Wednesday, October 15, 2014

Map 5: Muddy Creek Gorge - It's All Uphill From Here!

Sunday 10-12-14: Dorsey Park to Muddy Creek Launch, 13 miles, Peach Bottom Township

We this started this section at Peach Bottom Atomic Power Plant at the Dorsey Park & Boat Launch and hiked straight along the river slope on a cut-in trail to a small cottage community at the base of the Muddy Creek Valley in southern Pennsylvania. The river here is so broad that on foggy mornings you can't see the Lancaster County side. We were impressed with the recent trail work along this stretch - wide cleared paths, recently weed whipped, new benches and blazes. Nice work!

An eagle scout candidate, Kim, Jim the President of the MDT Hiking Club, and me.

As we walked up the gravel road a silver truck came down and parked in the grassy shoulder behind the cottages. Here was the president of the Mason Dixon Trail System! What are the chances of that happening on a two hundred mile section hike? Jim Hooper was very happy to meet us and listen to our trail notes starting from way back at Chadds Ford, a hundred miles ago. We thanked him for his hard work, but he asked instead that we thank the young man who had just walked up behind us, an eagle scout candidate who had taken on MDT maintenance for this section over the summer. Really, trail volunteers and hiking club crews cannot hear 'thank you' enough! They deserve it!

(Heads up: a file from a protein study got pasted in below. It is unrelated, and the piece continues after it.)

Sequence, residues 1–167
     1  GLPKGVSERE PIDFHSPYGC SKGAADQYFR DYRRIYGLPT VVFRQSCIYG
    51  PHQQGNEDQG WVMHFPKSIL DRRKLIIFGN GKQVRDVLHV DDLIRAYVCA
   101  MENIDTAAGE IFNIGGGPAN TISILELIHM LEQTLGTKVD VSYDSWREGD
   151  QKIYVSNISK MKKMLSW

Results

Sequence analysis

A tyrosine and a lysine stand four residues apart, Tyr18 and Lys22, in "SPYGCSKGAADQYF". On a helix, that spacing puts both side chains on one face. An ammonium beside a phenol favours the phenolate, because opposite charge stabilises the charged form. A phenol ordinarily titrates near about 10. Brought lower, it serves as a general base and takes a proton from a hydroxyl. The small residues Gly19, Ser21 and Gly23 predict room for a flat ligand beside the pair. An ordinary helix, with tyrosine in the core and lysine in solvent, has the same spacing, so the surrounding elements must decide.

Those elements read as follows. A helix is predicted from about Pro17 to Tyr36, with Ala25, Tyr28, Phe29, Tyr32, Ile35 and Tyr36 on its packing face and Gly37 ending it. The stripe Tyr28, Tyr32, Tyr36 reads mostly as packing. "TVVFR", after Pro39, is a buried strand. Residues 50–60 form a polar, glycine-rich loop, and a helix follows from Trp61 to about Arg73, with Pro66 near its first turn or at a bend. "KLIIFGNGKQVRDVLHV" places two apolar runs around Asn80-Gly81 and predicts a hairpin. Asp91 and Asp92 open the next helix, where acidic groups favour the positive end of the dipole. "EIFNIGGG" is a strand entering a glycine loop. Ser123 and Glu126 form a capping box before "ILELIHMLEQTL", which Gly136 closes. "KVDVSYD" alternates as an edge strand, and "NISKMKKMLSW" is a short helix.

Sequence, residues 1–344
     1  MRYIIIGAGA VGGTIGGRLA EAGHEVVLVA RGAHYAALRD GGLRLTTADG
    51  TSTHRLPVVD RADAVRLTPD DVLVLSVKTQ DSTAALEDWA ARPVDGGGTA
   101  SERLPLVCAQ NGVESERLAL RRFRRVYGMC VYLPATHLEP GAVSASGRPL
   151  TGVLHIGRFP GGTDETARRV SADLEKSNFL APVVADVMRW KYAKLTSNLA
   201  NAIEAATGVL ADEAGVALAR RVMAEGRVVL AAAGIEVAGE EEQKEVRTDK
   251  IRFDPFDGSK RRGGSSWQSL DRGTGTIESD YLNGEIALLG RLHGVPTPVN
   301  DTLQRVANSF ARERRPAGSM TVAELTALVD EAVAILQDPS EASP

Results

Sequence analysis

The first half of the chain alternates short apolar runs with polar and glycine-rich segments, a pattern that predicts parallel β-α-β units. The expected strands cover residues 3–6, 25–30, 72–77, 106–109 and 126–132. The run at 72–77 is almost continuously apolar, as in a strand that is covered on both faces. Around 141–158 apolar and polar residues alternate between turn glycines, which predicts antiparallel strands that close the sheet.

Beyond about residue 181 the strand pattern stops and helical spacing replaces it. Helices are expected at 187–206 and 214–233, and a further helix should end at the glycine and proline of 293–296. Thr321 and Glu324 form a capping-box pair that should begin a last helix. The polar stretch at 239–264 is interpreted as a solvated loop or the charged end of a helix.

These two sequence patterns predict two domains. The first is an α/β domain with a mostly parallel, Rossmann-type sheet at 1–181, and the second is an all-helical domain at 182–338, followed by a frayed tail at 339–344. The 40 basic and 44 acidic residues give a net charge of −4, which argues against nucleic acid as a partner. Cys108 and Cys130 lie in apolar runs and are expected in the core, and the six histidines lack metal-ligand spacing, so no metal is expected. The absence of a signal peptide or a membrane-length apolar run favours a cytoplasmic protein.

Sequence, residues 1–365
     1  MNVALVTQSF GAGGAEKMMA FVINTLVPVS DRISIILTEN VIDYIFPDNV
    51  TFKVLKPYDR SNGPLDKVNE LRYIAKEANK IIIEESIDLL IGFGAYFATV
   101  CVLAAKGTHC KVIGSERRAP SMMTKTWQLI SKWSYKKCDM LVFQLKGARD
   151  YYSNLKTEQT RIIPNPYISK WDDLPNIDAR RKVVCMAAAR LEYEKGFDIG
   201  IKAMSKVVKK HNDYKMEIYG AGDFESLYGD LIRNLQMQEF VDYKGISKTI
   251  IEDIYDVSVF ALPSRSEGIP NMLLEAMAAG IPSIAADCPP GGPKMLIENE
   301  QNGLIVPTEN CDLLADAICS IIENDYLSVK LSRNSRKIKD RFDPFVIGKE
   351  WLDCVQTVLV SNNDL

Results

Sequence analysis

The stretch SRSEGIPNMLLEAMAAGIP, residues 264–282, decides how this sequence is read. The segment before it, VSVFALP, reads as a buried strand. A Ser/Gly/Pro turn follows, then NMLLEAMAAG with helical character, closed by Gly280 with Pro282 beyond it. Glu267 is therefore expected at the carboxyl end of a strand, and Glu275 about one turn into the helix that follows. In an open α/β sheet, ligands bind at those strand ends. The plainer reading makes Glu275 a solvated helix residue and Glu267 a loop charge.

Thank you, MDT Crew!


This segment is one of the two closest MDT sections to where I live in Peach Bottom Township. I often hike a seven mile loop up through the Muddy Creek Valley using the Mason Dixon Trail and our backcountry roads for the return. I share the trail with hikers, nature photographers, birders, whitewater kayakers, and fly fishermen. I count myself  a member of all these groups who love the remoteness and wildness of Muddy Creek. It is surely one the crown jewels of the Lower Susquehanna River Valley. My best fly fishing days are here in the fall and winter. Today I hiked past my favorite casting spots where I know some beautiful wild trout hide out - and I didn't say a word! Shhhhhhh....


Gold-on-green adorns the mossy boulders along Muddy Creek banks.

Aldo Leopold wrote about the 'red lanterns' of wild blackberry leaves during October in A Sand County Almanac, my favorite book to read every year around this time. In the early stages of leaf change which is mostly now in the yellow and gold range here in the Mid-Atlantic, things red stand out dramatically against the muted brown and ochre of the forest floor. The red leaves of blackberry and Virginia creeper practically glow against the yellow of the beech and tulip popular. Leopold marked partridge hunting season by the red lanterns of Wisconsin. Here in South Central PA I associate the red lanterns of fall with wild turkey. Kim and I glimpsed a big tom winging up into a white pine as we rounded a side stream valley. Acorns are everywhere right now and the will turkeys grow very fat on them!

Red berries of Jack-in-the-Pulpit